The 17th Medical Biodefense Conference was held this month at the Bundeswehr Institute for Microbiology in Munich, covering topics like epidemic management, biosecurity and Dual Use Research of Concern.
More than 450 guests including military science officers and scientists from 41 different nations participated in the hybrid-format conference with both in-person and virtual participation.
The conference focused on a wide variety of medical topics from outbreak response and management to vector-borne and zoonotic diseases.
Leaders from the Aberdeen Proving Ground, Maryland-based 1st Area Medical Laboratory (1st AML) strengthened military-to-military relationships with medical professionals from Germany, Czech Republic, Georgia, France and the United Kingdom.
“The 1st AML team was invited by the German Bundeswehr Medical and Biological Reconnaissance and Verification team to discuss deployable laboratory operations and demonstrate the portable class III biosafety cabinet or Glovebox,” said Maj. Jang-woo Lee, PhD, the 1st AML chief of Endemic Disease and Biological Warfare Assessment.
Lee said 1st AML leaders discussed future training opportunities with the U.S. Army Europe-Africa Surgeon Cell. The command is also coordinated with the institute where the biodefense conference was held.
“The 1st AML and German Bundeswehr Institute of Microbiology are already coordinating bilateral training opportunities in the near future,” said Lee.
Maj. Christine Hulseberg, PhD, the senior science officer at the U.S. Army Medical Research Directorate – Georgia in Tbilisi, Georgia, met with 1st AML leaders during the conference.
Hulseberg previously served with 1st AML and she knows the value the command can bring to any area of operations.
The senior science officer said 1st AML’s Biological Threat Assessment Team can assist allies with detecting and identifying a long list of pathogens of concern across the region. Hulseberg deployed with the 1st AML to Camp Humphreys, South Korea, in support of the COVID-19 response in 2020.
“One of the most important but underappreciated strengths of the Biological Threat Assessment Team is the team-based approach they rely upon for strategizing testing plans and interpreting results,” said Hulseberg. “It’s really powerful and adaptive and draws upon the multi-disciplinary backgrounds of the infectious disease physicians, microbiologists, laboratory technicians and veterinary pathologists who make up that team.”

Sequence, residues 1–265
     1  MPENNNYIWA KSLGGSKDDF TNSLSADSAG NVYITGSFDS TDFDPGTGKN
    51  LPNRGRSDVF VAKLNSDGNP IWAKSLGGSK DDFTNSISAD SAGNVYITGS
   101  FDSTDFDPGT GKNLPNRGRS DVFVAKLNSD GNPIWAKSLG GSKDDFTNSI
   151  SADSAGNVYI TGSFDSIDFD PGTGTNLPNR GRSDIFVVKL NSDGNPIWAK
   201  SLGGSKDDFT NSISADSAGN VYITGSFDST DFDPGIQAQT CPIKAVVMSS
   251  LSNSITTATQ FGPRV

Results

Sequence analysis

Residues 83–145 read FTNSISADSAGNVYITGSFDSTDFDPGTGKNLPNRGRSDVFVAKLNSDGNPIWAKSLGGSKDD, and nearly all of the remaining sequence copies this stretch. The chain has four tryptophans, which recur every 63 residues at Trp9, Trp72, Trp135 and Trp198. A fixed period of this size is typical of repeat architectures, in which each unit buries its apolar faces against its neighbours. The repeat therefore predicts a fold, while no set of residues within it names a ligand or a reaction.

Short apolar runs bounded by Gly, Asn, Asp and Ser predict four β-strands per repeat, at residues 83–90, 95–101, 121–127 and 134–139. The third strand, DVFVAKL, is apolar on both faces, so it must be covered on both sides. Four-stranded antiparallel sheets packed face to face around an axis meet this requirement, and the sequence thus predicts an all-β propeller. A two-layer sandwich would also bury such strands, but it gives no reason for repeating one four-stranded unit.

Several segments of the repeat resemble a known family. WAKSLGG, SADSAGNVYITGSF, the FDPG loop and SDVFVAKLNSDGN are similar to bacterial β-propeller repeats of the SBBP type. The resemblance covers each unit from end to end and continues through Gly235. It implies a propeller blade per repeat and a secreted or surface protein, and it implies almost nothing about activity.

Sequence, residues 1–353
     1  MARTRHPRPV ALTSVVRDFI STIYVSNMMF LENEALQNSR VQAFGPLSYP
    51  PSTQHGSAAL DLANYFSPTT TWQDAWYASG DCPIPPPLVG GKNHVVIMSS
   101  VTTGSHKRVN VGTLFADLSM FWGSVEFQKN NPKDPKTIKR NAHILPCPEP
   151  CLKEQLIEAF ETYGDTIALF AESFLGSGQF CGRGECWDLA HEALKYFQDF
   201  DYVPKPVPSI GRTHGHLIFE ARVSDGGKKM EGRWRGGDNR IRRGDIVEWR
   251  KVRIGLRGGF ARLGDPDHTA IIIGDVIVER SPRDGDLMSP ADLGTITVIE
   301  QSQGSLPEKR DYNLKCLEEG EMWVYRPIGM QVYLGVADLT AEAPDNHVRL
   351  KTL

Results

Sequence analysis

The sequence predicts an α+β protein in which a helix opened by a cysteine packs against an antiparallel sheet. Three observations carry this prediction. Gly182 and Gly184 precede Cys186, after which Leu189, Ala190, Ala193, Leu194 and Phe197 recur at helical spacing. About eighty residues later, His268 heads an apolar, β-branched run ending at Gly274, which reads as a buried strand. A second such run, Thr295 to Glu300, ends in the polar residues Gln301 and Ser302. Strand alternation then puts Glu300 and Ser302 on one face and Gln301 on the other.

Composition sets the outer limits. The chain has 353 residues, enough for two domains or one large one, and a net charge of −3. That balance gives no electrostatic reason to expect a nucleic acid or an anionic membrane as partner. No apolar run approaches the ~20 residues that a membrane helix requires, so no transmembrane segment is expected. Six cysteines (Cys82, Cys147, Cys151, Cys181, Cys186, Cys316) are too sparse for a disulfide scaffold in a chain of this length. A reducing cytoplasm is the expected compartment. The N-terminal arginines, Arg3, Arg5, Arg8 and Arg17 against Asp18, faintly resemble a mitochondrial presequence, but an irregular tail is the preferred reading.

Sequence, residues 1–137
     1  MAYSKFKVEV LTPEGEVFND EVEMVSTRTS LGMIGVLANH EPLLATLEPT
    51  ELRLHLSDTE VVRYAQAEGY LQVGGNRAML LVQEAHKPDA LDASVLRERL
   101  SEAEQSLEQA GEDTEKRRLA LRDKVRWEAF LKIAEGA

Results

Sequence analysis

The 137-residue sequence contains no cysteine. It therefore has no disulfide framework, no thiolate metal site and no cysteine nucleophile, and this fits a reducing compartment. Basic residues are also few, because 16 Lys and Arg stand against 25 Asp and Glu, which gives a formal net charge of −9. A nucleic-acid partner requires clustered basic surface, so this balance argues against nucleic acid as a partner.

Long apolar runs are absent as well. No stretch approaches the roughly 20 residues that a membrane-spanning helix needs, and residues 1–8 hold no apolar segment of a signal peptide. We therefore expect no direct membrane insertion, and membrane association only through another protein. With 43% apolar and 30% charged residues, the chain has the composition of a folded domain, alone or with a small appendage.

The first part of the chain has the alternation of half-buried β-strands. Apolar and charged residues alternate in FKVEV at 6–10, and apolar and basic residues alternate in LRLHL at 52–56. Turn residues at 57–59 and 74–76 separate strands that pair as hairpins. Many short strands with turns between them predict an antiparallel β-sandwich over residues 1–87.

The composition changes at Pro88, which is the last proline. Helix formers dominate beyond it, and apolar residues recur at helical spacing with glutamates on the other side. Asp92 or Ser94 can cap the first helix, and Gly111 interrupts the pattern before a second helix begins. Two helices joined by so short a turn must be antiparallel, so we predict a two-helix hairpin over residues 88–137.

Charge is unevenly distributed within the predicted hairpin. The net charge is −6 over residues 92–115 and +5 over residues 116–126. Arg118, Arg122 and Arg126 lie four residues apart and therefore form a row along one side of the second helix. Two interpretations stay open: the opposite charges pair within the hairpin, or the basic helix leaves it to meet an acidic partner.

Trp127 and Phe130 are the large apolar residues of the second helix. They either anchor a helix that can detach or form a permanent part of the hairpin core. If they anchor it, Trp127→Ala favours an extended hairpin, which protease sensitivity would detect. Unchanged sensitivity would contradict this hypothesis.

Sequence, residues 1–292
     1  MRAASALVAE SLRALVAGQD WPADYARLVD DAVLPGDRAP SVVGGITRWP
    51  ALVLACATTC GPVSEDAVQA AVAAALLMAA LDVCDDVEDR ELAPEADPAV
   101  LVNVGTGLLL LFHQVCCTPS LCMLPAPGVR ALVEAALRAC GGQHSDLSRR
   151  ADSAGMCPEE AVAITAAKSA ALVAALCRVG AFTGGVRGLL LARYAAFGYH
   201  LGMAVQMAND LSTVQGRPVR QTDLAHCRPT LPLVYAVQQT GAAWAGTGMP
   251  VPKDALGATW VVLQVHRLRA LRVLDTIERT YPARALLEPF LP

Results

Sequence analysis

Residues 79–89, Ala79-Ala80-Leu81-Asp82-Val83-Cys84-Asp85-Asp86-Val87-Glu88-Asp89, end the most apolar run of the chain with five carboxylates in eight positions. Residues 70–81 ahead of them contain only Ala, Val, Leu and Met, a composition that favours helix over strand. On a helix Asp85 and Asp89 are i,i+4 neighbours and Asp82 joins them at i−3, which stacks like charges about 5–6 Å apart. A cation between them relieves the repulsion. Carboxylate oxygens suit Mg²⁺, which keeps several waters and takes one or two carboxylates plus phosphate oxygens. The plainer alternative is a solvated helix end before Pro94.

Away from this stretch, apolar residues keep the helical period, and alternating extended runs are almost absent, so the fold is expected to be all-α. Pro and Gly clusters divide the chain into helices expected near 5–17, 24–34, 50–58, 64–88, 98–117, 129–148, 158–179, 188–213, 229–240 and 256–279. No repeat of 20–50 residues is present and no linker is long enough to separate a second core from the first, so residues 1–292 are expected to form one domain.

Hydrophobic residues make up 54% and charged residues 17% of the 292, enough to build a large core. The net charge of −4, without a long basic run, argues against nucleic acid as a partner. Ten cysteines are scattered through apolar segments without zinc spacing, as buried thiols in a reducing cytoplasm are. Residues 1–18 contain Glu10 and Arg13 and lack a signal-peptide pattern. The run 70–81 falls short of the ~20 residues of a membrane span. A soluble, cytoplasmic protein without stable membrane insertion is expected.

Soldiers from 1st AML perform surveillance, laboratory testing and health hazard assessments of CBRN, occupational, environmental and endemic disease threats around the world.
The one-of-a-kind U.S. Army laboratory has deployed often to support military operations, including the 2014-2015 effort to contain the Ebola outbreak in West Africa. Soldiers from 1st AML also served in seven different overseas locations to support the COVID-19 response, including U.S. military hospitals in Germany, South Korea and Japan.
The 1st AML is part of the Fort Bragg, North Carolina-based 44th Medical Brigade and the 20th Chemical, Biological, Radiological, Nuclear, Explosives (CBRNE) Command.
“The German Biodefense Conference was a great opportunity to build stronger partnerships across the region,” said Col. Matt Grieser, the commander of 1st AML. “We look forward to future exercises to support U.S. Army Europe-Africa, and further collaboration and training with the German Bundeswehr Institute of Microbiology and other partners in the region. By leveraging our collective expertise, we can better protect our shared interests.”
Adapted from 20th CBRNE Command story by Walter Hamand information from the Institute for Microbiology for the German Armed Forces